**Note: I know there are a lot of essential oil companies out there and I’ve certainly tried my fair share of brands. But after testing and researching and more testing, only one is worth spending money on (in my opinion). For a couple years now I’ve been committed to Young Living oils, and you can read more about their oils and my decision HERE.
What’s really important though, is whether or not all this worked….
And it did! My father-in-law woke up the next day feeling rested and so much better!
Now, was this because of the elderberry syrup? Or because of everything else?
Well, my first instinct would be that it’s everything combined together, except…
NONE OF THE REST OF US GOT SICK EITHER!
Sorry for the all caps, but this is a big deal. They were carrying something HIGHLY contagious, and the rest of us ONLY took elderberry syrup. And just once a day, at that!
Another big question though… Was our experience subjective?
It’s hard to say, but this article says elderberries are a potent immune booster and can mitigate flu-like symptoms.
In fact, this study concluded that the effects of elderberry flavonoids were comparable to the flu medicine Tamiflu!
Elderberry is found over the counter in common cold and flu brands like Zarbees, Sambucol and Sambucus, but for the price of JUST ONE of those medicines, you can make several batches of homemade elderberry syrup.
Considering this actually WORKED for us and it’s significantly cheaper (and super easy to make), it’s something I’m going to be keeping on hand throughout the year.
The tutorial for how to make elderberry syrup is below, but I want to share a few important notes with you guys before you dive in.
Don’t go foraging for elderberries (and especially don’t eat them raw).
There are only a few elderberry plants that are edible in general, and the leaves and stems from nearly all elderberry plants can be dangerous.
If you use fresh berries for this recipe, I recommend finding a reputable local source. Otherwise I recommend these dried elderberries online. (This is a reputable brand and the best deal I’ve found!)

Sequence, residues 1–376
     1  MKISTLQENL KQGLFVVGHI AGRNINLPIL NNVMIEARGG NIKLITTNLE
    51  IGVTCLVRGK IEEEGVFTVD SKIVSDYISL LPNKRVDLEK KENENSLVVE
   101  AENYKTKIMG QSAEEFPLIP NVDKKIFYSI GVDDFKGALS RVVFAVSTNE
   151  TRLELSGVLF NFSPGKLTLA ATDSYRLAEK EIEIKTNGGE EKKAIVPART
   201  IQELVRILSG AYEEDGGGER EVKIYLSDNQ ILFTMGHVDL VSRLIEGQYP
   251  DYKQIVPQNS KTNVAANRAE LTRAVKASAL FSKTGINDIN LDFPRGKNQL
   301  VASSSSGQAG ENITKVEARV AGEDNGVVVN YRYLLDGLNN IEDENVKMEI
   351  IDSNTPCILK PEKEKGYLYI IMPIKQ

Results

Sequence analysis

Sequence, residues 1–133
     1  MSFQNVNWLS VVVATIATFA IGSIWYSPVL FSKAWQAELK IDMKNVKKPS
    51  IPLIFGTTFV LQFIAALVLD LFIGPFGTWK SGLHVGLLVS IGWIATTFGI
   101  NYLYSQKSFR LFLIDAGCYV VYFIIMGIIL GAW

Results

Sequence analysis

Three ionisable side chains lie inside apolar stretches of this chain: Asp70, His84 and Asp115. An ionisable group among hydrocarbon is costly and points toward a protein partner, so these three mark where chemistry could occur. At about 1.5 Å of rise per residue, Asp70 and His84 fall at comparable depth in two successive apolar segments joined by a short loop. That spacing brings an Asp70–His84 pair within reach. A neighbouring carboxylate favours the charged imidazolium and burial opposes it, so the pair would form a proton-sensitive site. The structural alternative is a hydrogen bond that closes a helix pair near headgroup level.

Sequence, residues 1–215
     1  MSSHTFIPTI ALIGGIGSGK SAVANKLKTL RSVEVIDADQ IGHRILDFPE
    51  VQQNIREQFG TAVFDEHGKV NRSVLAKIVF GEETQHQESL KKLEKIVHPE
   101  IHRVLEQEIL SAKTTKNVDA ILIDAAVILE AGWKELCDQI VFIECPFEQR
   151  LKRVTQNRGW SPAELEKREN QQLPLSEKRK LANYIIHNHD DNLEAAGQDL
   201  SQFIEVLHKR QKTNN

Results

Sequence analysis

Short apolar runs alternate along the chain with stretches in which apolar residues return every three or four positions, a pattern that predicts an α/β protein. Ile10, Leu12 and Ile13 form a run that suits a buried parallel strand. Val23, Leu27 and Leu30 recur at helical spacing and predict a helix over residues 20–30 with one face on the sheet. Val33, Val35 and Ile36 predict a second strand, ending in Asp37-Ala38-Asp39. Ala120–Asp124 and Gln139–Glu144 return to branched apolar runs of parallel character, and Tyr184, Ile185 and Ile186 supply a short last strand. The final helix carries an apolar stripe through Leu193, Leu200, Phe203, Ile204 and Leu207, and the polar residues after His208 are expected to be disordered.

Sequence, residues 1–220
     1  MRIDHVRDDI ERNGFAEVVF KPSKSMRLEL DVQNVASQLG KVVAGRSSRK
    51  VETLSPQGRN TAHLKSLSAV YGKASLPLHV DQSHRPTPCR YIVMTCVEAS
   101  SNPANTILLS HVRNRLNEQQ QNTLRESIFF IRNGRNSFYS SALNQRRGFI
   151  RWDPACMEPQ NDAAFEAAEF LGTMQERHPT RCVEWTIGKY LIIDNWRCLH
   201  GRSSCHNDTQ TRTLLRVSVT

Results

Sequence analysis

Raw honey is not for infants under 12 months old.
Raw honey has exceptional health benefits, including managing seasonal allergies and boosting the immune system. That’s why I’ve included it in my elderberry syrup recipe. Well, that and elderberries are quite tart and medicine won’t work unless it’s you actually take it!
If you’re making this for your little ones, you can use a different sweetener altogether OR put the syrup back on the stove after its strained and add the honey, simmering for about 5-10 minutes to pasteurize it.
I found local raw honey at a health store in my town. This raw honey is good too, and I’ve seen it in my local Walmart. This honey is from Brazil though, so chance are it won’t offer allergy relief (unless you live in Brazil!).
Ginger, cinnamon and clove are optional.
I included all of these in my batches, because I think it adds a layer of yumminess to the syrup and they have benefits too. However, the syrup will work just as well and taste just fine if you omit one or all of these.
You probably won’t find a knub of ginger small enough for what you need for this recipe, so I recommend buying about a 4″ pieces and grating the whole thing. Measure what you need for this recipe, and then freeze the rest in a small baggie for a future batch!
Use a strainer or a nut milk bag. Don’t use a blender.
Numerous sites discuss the dangers of eating the seeds of elderberries. Because a blender will pulverize the berry AND the internal seed (especially if you have a Blendtec or Vitamix), I don’t recommend using it to make elderberry syrup.